The Null Device
And here are my gig highlights of 2008:
- The Tenori-On launch, San Francisco, 18 April
I happened to be in the Bay Area at the time, and went along, with some friends, to the Tenori-On launch. At the San Francisco one, they had a number of North American artists, the most memorable of whom was I Am Robot And Proud. Formerly one half of Girls Are Short, he now makes ambient electronica under this name, and, given a Tenori-On, integrated it into his performance alongside a piano, to great effect. I still didn't spend US$1200 on a Tenori-On, though.
- ATP vs. PITCHFORK, Camber Sands, 9-11 May
The first ATP festival I've been to, and it was great. Highlights were probably Glass Candy's deadpan Italo-disco, Los Campesinos' on-stage mayhem, Of Montreal's psychedelic psychodrama (which keeps getting more elaborate with each show), and krautrock veterans Harmonia playing an hour and a half of ambient electronica to a hushed room.
- Jeffrey Lewis, Scala, 18 September
I went to see Jefrey Lewis play, having only heard the Williamsburg Will Oldham Horror song of his, and not knowing what to expect. I was pleasantly surprised; rather than just playing guitar and singing, he did things like present short stories in sequences of drawings as he sang, and towards the end, his band threw off the folk moniker and rocked out like Mogwai or someone. Also, he had some of his comics for sale at the merch stall, and they were quite good.
- The Deirdres, The Vines, Derby, 7 Oct
The Deirdres' possibly last-ever gig, before three of their members went travelling abroad; how could I not go? I caught the train to Derby after work and made it to the venue at about 8:30, and I wasn't disappointed. They went on stage, costumed as animals which hibernate, and played with their usual raucous yet deceptively tight musicianship, and a great time was had all round.
- The Jesus and Mary Chain/Black Box Recorder, The Forum, 27 Oct
The gig was a memorial for the frontman of Earl Brutus, hence the high-profile lineup at short notice, and the giant tinsel British Rail logo behind the stage. Black Box Recorder played mostly songs from England Made Me (i.e., their best album), and the Mary Chain gave a great performance, on a par with their recordings. British Sea Power also played, but they didn't grab me.
- Parenthetical Girls, The Dome, 17 November
A stripped-down rendition of Entanglements, but while it may have lacked orchestral instruments, it didn't lack dynamism from Zach, who kept going in and out of the audience. The cover of OMD's Maid Of Orleans was pretty good too.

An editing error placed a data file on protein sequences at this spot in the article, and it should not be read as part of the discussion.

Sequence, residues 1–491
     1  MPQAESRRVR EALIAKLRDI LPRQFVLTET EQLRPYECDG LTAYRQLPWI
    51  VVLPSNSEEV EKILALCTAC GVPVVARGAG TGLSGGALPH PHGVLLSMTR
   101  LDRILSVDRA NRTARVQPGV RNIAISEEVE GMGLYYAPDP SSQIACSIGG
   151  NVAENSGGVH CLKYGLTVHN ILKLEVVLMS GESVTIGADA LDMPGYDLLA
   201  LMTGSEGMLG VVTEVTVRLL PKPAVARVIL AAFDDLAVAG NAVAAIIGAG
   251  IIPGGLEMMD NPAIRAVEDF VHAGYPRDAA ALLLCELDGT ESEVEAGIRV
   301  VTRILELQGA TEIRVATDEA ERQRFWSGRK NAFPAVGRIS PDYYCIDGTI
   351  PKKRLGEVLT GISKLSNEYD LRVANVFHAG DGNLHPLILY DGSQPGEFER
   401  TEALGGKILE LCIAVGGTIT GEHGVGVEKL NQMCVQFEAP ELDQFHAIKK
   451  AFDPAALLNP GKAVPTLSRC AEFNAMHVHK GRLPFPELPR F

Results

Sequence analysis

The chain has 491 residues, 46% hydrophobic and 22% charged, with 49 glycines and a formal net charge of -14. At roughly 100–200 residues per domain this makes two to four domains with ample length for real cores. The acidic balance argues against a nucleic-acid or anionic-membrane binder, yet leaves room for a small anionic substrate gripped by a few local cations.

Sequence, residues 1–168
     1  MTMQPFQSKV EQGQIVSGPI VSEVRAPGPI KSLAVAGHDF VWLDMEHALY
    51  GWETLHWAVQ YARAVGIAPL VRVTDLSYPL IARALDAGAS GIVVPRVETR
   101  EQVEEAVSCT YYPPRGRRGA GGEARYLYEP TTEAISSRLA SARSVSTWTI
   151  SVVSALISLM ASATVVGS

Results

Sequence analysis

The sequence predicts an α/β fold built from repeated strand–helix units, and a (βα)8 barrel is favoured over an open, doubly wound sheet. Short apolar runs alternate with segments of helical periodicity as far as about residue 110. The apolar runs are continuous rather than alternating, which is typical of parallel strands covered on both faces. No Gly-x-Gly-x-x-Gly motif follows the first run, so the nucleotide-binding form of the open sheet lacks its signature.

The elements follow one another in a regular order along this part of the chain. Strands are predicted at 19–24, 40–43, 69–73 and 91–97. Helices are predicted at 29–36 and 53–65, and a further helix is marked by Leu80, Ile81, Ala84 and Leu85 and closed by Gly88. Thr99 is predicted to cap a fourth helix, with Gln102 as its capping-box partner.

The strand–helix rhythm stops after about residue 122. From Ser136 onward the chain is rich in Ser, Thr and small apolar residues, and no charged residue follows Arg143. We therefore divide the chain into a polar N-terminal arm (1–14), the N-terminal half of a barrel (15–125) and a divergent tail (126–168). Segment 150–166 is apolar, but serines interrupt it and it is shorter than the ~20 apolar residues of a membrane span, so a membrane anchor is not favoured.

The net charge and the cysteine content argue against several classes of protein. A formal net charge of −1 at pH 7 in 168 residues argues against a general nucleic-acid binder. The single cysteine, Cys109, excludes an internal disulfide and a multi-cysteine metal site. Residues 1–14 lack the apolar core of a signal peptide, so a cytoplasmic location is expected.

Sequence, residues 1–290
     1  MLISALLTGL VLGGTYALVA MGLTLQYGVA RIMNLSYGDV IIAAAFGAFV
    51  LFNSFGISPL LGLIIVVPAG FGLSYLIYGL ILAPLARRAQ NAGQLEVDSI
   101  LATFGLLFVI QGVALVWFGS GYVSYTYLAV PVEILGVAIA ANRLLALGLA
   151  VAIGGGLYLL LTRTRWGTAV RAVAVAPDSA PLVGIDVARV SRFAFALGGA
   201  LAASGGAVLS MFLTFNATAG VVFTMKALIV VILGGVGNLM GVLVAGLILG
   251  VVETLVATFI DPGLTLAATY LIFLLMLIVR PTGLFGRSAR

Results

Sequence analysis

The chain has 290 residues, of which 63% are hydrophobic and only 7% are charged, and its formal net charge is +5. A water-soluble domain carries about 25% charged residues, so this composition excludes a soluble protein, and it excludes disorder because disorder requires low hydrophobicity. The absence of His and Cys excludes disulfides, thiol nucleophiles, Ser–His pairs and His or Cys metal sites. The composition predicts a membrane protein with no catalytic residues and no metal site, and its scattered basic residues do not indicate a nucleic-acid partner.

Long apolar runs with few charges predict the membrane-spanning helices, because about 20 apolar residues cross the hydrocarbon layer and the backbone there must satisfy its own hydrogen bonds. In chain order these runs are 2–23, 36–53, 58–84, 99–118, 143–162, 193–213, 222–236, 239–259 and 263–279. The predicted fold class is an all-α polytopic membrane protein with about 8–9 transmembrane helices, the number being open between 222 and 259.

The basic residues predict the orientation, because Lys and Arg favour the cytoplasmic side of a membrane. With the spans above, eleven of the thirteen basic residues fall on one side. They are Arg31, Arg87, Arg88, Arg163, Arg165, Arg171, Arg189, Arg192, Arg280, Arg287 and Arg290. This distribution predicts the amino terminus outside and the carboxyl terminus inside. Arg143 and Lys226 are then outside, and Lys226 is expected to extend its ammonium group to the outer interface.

- I'm From Barcelona/SoKo, London/Brighton - 25/26 November
Two gigs, one after the other. I'm From Barcelona was the usual euphoric experience, with balloons and confetti (this time fired into the air by a confetti Gatling gun), though now only 12 band members on stage. SoKo, however, stole the show, with her quirky songs and multi-instrumentalism. She's definitely one to watch.
And now, here come the lists of things of the year. Starting with the top 10 records of 2008 (in alphabetical order of artist's name, as usual):
- Animal Collective - Water Curses
The futurefolk combo's follow-up to last year's Strawberry Jam, a 4-track EP further building on their textured yet organic sound. Highlight: Cobwebs, which sounds a little like something Björk might well have done.
- Cut Copy - In Ghost Colours
Australia's Modular label have been the toast of the electrofashionista elite of London and New York, and the core of a mass youth movement in Australia (one now hears disparaging descriptions of vast hordes of "mogans", unsophisticated fluoro-shirted teenage party kids from all over the suburbs and provinces of Australia, sharing musical tastes with the hippest of Shoreditch and Williamsburg's hipsters; how funny is that?), but they do release some good stuff from time to time. Case in point: Cut Copy's second album, which combines the vogue for 1980s New Wave stylings (cribbed both from international sources (listen out for the Peter Hook-esque melody lines) and Australian 80s top-40 sounds) with electro/house the way Australians like it (i.e., muscular, body-conscious and not too chi-chi or pretentious), and manages to make something quite listenable out of it, a collection of well-formed pop songs driven by coruscating synths, 4/4 dance beats, melodic vocals and the odd jangly guitar and glockenspiel. Highlight: the opening cut, Feel The Love, is a good start, starting as pop and morphing into something more clubby like a disco Transformers robot.
- The Deirdres - Why Do My Glasses Give You The Heeby Jeebys?
The Deirdres, a young unsigned band consisting of seven kids from Derby, are, in my opinion, one of the most exciting indiepop bands in the UK now. This self-released CD-R (the first versions had handmade photo-collage covers, and buyers got a raffle ticket to decide which one they got) shows that they're as good in the studio as they are at live shows, sounding in places like a more melodic Los Campesinos! or a much more compact I'm From Barcelona. These kids deserve to go a long way (and three of them are currently in Australia, gigging with The Motifs and Summer Cats). Highlights: Milk Is Politics is more typical of the exuberant pop mayhem of their live shows, and Rise And Fall is just sublime.
- Eine Kleine Nacht Musik - s/t
Another Modular release, this time from an American artist lovingly taking off the more electronic end of krautrock (think Harmonia, Tangerine Dream and such). With titles like Feuerprobe, Bardolator and Götterdämmerung, this album wears its inspirations on its sleeve, but it does what it does well. Highlights: perhaps the penultimate track, Das Regenecho.